Lisa has written for Chatelaine, Elle Magazine, The Walrus and the Globe and Mail, the Toronto Star, The Guardian, Azure Magazine, the National Post and Canadian Art.
She has taught at the University of British Columbia’s online Master Program in Creative Writing, and at Memorial University of Newfoundland and Labrador. She holds a BFA from the Nova Scotia College of Art and Design.
Lisa lives in St. John’s, Newfoundland.
The Long Haul Award – Colette Urban
Colette Urban worked in the areas of sculpture, installation and performance, focusing on questions of identity and response to landscape. Her work challenged boundaries between artist and audience, developing viewer activated installations that address the political and social structures of domestic and/or public space. The performances, often inspired by the installations, refer to personal narratives questioning issues of gender. Urban’s use of recycled materials and her methods of construction and presentation are in response to the installation and/or performance site. Her performances and installations have been exhibited in Italy, Great Britain, The Netherlands, United States and across Canada. Urban was the subject of a documentary film Pretend Not To See Me where she restaged eleven performances. This film was directed and produced by Katherine Knight and Site Media Inc. In 2006 Urban retired from a teaching position at the University of Western Ontario and moved to McIvers Newfoundland where she established an art retreat, Full Tilt Creative Centre, to attract contemporary art makers to the west coast of Newfoundland. As Professor Emeritia from UWO Colette traveled extensively as a guest speaker giving lectures about her work.
The Large Year Award – Michael Flaherty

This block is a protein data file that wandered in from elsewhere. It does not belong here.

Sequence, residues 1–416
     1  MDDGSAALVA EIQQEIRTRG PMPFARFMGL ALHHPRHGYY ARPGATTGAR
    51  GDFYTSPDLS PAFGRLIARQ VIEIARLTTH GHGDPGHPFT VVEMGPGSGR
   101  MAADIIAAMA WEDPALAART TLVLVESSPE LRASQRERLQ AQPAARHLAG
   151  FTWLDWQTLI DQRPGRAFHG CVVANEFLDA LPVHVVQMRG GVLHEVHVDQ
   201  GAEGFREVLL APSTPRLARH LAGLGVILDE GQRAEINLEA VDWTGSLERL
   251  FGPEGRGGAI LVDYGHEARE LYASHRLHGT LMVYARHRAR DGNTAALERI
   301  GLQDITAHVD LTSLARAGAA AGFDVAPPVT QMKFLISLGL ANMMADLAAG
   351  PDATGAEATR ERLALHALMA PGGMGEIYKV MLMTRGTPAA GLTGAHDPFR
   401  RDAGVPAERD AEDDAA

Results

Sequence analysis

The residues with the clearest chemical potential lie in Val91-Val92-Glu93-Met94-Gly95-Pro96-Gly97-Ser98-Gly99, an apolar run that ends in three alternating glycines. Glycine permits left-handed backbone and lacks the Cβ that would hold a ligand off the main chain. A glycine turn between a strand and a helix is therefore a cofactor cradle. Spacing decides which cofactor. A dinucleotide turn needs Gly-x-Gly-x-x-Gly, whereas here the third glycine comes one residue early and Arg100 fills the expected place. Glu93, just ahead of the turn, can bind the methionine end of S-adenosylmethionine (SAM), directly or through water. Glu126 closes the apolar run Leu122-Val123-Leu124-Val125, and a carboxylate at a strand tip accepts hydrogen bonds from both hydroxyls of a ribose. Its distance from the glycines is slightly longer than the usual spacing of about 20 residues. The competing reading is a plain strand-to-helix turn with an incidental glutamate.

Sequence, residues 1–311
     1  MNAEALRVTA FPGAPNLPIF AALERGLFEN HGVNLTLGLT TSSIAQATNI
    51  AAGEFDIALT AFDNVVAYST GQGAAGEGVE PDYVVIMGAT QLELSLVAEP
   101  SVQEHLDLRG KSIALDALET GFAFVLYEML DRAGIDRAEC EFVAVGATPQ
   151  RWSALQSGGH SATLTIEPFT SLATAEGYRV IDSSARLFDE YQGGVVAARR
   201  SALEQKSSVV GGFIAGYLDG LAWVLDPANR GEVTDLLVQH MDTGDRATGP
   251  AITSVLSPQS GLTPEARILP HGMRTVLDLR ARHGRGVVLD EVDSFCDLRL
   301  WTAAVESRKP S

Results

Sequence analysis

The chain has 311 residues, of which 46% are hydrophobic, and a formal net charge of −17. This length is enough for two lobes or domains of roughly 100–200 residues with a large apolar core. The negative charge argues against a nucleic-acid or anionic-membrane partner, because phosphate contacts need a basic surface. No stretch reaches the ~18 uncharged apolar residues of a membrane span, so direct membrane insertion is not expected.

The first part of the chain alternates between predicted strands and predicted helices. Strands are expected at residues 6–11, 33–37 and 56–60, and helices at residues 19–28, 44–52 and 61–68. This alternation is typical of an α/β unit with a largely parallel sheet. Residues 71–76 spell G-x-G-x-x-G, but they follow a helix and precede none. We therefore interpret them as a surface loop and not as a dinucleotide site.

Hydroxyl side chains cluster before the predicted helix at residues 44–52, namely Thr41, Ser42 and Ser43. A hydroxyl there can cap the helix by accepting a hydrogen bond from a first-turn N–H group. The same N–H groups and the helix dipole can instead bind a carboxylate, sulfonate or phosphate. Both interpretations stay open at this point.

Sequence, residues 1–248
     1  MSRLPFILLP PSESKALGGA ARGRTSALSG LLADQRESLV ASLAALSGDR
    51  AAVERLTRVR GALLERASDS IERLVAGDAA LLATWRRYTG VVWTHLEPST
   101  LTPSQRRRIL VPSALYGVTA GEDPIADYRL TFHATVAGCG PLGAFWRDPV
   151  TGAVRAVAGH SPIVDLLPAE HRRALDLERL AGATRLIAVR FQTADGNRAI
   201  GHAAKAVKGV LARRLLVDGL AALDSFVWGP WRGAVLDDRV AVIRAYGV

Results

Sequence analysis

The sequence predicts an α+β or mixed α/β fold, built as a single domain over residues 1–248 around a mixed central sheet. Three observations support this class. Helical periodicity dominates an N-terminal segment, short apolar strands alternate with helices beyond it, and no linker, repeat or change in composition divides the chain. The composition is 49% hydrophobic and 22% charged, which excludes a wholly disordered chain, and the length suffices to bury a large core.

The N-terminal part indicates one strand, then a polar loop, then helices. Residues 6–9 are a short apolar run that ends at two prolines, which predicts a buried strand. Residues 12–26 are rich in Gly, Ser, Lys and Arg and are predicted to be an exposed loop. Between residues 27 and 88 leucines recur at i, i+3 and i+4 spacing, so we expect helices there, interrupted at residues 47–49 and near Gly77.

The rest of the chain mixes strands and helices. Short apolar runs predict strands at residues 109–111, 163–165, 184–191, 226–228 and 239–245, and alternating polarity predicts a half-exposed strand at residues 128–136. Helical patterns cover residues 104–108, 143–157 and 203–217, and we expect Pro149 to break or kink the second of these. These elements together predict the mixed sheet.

Michael Flaherty was born in St. John’s in 1978 and grew up in Clarenville where he spent much of his time getting lost in the woods. He has turned this urge to explore into a career as an artist – he has not only resided in six different provinces, but has also crossed North America by bicycle and lived alone for three months on a deserted island, both as art projects. Michael, like many Newfoundlanders, is on temporary loan to Alberta, where he is the Ceramics Technician at Red Deer College. In the near future Michael will be returning to Newfoundland to travel to beaches in abandoned communities where he will photograph the pottery shards he finds there.
The Emerging Artist Award – Audrey Hurd
Audrey Hurd lives and works in St. John’s. She received a BFA from NSCAD University and completed the 2012 Don Wright Memorial Scholarship at St. Michael’s Printshop. Primarily a printmaker, her work combines traditional print and craft processes with experimental techniques in order to create a range of impressions. She has participated in group and solo shows across the country with an upcoming solo exhibition and residency at the Women’s Studio Workshop in Rosendale, NY.
The Kippy Goins Award – Tina Dolter